At first sight, Bangkok is an incomprehensible, sprawling metropolis of some 8 million, a chaotic capital of dust, humidity and tuk-tuk driven traffic made for daredevils. However, once you look beyond the obvious distractions, Bangkok has a uniquely astonishing beauty and grace.
In the early morning, see the wet and humid mist lift from the Chao Phraya River; revealing the golden spiralling towers of the Grand Palace and the many other temples glistening across the horizon. Look close to hand and you’ll see the little details that present life here with a deep spiritual significance: the shopkeepers who put lit incense sticks and food oblations in front of their shops’ little statue of Buddha; the craftsmen working on the roadsides, carving little intricate figurines of spiritual icons; diligent vendors in the markets with their family’s behind them learning the family business; the immensely agile street cooks preparing intoxicating Pad Thai; and monks carefully preparing the temples, like Wat Arun, for the day ahead.
Bangkok was always destined to be even grander and more exuberant than the older capital it replaced, the Ancient UNESCO city of Ayutthaya. Since its creation, the city has seen major development and has had to build upon its ageing khlongs (canals) but it’s clear the river still sets the pace of this enchanting city. A tour on a hired long-tail boat splashing through the water is often the fastest and cheapest way to move around. Navigating along the river has more of an air of authenticity about it too, waving at the locals as they pass by, always with broad smiles on their faces (and a boat full of ingredients!).
While the temples and palaces alone are enough to fill a week, for me, Bangkok was all about getting a real feel for the city’s past and its extraordinary foodie culture. Taking a journey through Thon Buri, through its narrow canals, you witness an impervious maze of sounds and sights. I spent half a day alone walking through one of the markets, the huge Chatuchak Weekend Market, where you can buy literally anything. I tried crispy fried chicken feet, chilli-infused crunchy calamari, Som Tom Salad (known as ‘hot smash’ because of its flavours) and Mango Lassi – if you have a sweet tooth then you’ll love this fruit and honey yoghurt smoothie.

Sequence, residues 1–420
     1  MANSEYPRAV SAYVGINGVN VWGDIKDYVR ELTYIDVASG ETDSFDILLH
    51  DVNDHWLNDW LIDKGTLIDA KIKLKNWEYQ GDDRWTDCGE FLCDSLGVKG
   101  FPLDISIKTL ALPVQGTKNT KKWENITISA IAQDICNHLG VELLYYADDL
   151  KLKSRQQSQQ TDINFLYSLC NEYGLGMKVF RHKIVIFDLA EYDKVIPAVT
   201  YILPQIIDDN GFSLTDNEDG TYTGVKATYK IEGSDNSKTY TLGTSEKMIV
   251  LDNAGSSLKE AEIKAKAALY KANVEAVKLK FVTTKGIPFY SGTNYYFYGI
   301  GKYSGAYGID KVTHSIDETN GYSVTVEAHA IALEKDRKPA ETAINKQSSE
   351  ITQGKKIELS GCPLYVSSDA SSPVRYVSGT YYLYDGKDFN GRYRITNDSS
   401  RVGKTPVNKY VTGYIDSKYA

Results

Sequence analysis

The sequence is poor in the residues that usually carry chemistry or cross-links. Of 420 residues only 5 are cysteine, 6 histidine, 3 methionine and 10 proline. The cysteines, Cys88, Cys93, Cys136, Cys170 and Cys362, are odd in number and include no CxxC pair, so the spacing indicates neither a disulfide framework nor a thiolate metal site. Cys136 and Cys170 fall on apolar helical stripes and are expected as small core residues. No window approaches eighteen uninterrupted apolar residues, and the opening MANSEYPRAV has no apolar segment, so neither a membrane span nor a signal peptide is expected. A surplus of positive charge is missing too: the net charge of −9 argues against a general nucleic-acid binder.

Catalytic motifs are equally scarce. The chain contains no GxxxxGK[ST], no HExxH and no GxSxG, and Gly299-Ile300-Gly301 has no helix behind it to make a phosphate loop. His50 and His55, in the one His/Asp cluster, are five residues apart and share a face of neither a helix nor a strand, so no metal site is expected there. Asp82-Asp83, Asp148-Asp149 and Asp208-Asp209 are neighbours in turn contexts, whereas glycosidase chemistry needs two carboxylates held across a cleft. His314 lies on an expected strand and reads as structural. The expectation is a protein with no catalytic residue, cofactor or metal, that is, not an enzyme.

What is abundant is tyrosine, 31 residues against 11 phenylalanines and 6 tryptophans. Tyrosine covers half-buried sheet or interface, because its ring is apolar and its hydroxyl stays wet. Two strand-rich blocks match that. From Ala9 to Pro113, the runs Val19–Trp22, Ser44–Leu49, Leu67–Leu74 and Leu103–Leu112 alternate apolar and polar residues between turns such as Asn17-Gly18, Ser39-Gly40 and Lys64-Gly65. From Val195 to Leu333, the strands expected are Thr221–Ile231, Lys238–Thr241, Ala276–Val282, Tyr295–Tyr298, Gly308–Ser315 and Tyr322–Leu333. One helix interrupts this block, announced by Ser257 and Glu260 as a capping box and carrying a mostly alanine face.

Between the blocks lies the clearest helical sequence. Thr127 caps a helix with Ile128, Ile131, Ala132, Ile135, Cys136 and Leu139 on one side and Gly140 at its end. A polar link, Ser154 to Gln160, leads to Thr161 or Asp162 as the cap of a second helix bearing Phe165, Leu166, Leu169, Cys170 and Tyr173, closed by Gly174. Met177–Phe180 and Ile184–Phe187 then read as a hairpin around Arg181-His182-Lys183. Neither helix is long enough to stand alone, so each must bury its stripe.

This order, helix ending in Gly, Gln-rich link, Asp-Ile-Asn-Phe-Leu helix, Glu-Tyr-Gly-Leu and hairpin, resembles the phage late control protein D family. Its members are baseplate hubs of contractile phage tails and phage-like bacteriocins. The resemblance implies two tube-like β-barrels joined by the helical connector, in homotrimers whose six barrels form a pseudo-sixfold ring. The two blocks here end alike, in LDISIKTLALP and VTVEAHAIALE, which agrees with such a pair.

But venturing slightly out of the city to the floating market at Damnoen Saduak, just 2 hours south of the city – is where I saw the real joy and zeal of Thais buying and selling their freshly-grown and cooked wares from their curious boats. You get the real sense that the market is a deeply peaceful and spiritual texture of life, permeating everyone who takes part, something I have never witnessed in any other country I’ve visited. I could try to describe the sheer vibrancy and smells of the food but you should definitely witness this for yourself; words do not do it justice.
After spending just minutes in the market, I realised that Thai cooking has to be sweet, salty, sour and spicy, from one of the many cooks who liked to have a chat – if one of these flavours is ever missing, then the cook simply throws it out. It’s not worthy to be eaten. As such, Thai food is characterised by the use of coconut milk, chillies, nam plah (fish sauce) and lemongrass – embodying all of the necessary characteristics. It’s then that I realised the great amount of care that each cook takes over their dishes, it’s not just a natural culinary skill to them – it’s their integrity.